After Darkness, Light!

One of the pictures I have as a desktop background on my laptop computer is the International Monument to the Reformation located in Geneva, Switzerland. It is usually referred to as the Reformation Wall. The motto of the 16th century Protestant Reformation is Post tenbras lux which means “After darkness, light!”

A reformer, or a reformation, is defined as an improvement, a renovation or a reorganization of something which currently exits. A reformer does not seek to destroy the object of his reform. Rather he seeks to either overhaul or restore order where disorder or error has occurred. The reformers themselves considered their work to be a reformation and not a revolution to the church.

Martin Luther, and those who preceded him as well as those who followed him, were seeking to reform and not destroy the church. They saw abuses by the church which needed to be corrected. Not the least of these issues was the question of the ultimate source of authority within the church: the pope or the Scriptures. God would choose Martin Luther to be the preeminent individual to bring these issues to a head.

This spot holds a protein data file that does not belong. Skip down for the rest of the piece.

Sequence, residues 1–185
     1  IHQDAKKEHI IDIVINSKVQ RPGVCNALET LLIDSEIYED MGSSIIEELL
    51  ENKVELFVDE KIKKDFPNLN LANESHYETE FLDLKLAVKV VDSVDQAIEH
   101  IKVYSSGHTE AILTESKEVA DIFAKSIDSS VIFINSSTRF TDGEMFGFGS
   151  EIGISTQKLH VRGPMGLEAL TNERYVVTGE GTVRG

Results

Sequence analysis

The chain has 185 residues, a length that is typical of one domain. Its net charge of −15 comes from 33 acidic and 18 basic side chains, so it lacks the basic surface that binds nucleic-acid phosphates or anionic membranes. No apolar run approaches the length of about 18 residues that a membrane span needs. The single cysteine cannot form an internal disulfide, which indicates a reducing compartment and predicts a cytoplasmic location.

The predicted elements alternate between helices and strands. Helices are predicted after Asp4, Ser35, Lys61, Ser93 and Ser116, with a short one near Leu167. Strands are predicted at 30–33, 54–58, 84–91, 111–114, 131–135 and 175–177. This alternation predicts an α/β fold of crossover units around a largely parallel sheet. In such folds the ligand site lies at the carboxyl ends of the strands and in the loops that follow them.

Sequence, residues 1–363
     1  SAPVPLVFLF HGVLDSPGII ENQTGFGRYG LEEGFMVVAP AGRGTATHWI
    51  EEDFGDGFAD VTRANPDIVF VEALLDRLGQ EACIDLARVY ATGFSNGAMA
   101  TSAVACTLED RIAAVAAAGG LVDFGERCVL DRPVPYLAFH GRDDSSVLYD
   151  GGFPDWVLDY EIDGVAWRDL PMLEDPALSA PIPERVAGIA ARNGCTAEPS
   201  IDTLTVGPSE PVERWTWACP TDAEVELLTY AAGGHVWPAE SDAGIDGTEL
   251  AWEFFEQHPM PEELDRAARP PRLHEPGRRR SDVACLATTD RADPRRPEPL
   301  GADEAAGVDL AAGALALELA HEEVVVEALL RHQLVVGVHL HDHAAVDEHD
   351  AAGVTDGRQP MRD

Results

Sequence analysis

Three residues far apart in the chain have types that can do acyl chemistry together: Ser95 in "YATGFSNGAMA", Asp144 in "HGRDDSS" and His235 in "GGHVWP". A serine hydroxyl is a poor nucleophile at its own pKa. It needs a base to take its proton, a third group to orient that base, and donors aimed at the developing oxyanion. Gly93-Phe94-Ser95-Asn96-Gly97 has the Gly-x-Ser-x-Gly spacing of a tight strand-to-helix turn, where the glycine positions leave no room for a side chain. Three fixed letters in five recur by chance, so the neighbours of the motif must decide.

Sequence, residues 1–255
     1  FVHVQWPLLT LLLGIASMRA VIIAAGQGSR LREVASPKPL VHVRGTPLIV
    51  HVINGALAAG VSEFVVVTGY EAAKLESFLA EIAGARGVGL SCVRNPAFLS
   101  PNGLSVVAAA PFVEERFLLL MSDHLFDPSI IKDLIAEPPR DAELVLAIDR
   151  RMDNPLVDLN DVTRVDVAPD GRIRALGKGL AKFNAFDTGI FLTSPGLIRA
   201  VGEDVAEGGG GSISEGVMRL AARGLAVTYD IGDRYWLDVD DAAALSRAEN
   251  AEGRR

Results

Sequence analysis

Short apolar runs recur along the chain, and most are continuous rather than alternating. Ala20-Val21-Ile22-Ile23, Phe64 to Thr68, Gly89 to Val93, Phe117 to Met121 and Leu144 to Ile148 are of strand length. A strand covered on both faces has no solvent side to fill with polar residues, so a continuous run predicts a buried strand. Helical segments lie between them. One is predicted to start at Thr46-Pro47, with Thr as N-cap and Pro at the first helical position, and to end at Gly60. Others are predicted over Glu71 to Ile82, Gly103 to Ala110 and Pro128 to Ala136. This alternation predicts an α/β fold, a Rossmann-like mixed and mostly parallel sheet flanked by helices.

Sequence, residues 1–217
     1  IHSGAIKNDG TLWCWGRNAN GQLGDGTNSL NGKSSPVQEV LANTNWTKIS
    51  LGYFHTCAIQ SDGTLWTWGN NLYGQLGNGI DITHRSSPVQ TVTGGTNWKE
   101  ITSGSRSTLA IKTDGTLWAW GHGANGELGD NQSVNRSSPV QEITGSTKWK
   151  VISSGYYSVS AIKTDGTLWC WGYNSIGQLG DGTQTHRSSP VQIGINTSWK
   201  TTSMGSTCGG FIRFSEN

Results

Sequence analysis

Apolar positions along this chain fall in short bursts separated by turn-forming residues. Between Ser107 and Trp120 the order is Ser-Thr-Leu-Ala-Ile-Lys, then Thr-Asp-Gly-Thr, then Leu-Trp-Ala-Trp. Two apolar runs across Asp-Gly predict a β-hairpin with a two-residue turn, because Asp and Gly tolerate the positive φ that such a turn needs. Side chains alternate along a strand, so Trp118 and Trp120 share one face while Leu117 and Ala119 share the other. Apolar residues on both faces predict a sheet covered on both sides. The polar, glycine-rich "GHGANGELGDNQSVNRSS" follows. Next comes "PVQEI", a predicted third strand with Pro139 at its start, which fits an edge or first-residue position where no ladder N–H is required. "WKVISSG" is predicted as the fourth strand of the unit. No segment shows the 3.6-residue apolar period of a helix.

Martin was born on November 10, 1483 in the German town of Eisleben to Hans and Margarette Luther. He was named Martin because he was born on St. Martin’s Day. Luther lived in an exciting time.  He was 9 years old in 1492 when Columbus discovered America. His parents were German peasants. Luther’s father eventually became a minor in Mansfield and ultimately owned six foundries.

Luther’s childhood was marked by prayer, strict morality, and loyalty to the church and its traditions. It became quickly evident during his childhood that Luther possessed a melancholy personality. He was consumed and driven not only with fits of depression and insecurity, but also with an overwhelming sense of guilt before God because of his sins.

From 1492-1498 he attended school at Mansfield, Magdeburg and Eisenach, where Martin learned Latin. From 1501-1505 he attended the University of Erfurt where he earned his BA in 1502 and his MA in 1505. He was preparing for his doctorate in law. One biographer writes that “young Martin earned both his baccalaureate and master’s degrees in the shortest time allowed by university statutes. He proved so adept at public debates that he earned the nickname The Philosopher.”

Luther was set to be become a lawyer.  His father Hans wanted his son to not only be a lawyer, but also to become a successful lawyer. This would mean that Martin would be able to take care of his parents when they were old.

Dr. R.C. Sproul explains that Luther seemed to encounter a crisis every five years. The first of these “crises” occurred in 1505. It was an event in which Luther’s life would be irrevocably changed.

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